Is tax just a question of ethics?

In the wake of Starbucks’ tax U-turn, we need to acknowledge that multinationals already choose whether to pay tax or not - and make them pay their fair share.

So Starbucks is paying up.

Whether or not they will ever pay back all the tax they’ve allegedly avoided is still unclear. But the company’s announcement yesterday that they will “pay or pre-pay” around £20m to the Exchequer in the next two years is hugely significant for all sorts of other reasons. It proves the power of consumer democracy, showing that damage to a brand can reverse a company’s behaviour in a matter of weeks. It moves tax from the backroom of a tax negotiation to the heart of a corporation’s public responsibility to the countries and communities where it does business. And it throws the gauntlet down to other multinationals which use exactly the same kind of intra-company payments to shrink their tax bills, not just in the UK but around the world.

But some are already raising concerns that Starbuck’s back-down heralds a worrying new age of voluntary tax: at best, companies claiming that paying tax is philanthropy rather than legal duty, at worst a sort of ‘tax by mob rule’. The New Statesman’s Martha Gill argues that we’re approaching “a tax system which relies on public pressure to a few high profile firms” rather than changing the rules themselves.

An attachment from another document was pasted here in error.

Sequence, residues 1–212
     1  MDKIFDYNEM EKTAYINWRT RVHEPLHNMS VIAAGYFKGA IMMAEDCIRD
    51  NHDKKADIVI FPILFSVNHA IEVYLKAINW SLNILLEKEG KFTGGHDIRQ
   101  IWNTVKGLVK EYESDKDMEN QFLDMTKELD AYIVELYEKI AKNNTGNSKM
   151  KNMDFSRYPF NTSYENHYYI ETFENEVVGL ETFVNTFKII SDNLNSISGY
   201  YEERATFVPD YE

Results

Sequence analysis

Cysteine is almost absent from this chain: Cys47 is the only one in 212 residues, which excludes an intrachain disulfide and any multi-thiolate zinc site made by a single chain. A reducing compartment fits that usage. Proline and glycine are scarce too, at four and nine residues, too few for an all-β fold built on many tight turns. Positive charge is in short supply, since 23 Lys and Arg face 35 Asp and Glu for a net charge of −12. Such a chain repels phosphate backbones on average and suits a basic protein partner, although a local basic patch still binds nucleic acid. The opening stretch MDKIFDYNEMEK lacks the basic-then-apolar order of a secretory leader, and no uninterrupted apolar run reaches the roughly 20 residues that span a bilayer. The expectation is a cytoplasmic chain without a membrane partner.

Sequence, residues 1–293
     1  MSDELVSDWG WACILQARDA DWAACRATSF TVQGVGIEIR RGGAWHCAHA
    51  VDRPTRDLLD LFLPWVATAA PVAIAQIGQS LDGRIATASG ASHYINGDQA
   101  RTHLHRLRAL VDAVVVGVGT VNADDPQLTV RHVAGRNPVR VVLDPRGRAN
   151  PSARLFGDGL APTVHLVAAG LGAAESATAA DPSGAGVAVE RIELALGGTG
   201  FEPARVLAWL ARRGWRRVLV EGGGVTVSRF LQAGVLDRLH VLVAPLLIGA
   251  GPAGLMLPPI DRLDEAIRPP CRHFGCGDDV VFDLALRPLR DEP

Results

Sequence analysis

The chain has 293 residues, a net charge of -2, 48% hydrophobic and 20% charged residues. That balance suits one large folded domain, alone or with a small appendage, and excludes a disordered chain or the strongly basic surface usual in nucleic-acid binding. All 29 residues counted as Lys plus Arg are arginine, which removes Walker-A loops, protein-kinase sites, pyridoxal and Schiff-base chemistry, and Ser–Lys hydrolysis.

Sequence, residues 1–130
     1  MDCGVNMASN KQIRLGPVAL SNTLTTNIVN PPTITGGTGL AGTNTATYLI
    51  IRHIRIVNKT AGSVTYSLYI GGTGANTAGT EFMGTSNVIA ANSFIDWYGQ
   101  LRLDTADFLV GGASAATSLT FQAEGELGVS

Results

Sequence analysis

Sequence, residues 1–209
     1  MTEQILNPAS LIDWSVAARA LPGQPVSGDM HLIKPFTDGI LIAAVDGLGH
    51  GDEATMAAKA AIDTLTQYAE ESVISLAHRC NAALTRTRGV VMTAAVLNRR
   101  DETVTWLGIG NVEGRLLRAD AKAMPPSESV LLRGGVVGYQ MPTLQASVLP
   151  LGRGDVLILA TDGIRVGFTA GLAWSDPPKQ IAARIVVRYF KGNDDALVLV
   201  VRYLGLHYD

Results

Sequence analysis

Of course we need to change the rules, and we can’t rely simply on companies behaving themselves. Nor should we be replacing clear, certain tax laws with judicial or media activism. But the unappetising truth is that we are already living in an age of voluntary corporate tax for large multinationals, and have been for some time. If this is true in the UK, where online businesses can effectively choose whether to book their profits from UK sales in the UK itself or in a tax haven, then this is even more the case across Africa, Asia and Latin America, where countries lack our armour of anti-avoidance legislation, and whose tax inspectors are far more overstretched than even cuts-threatened HMRC.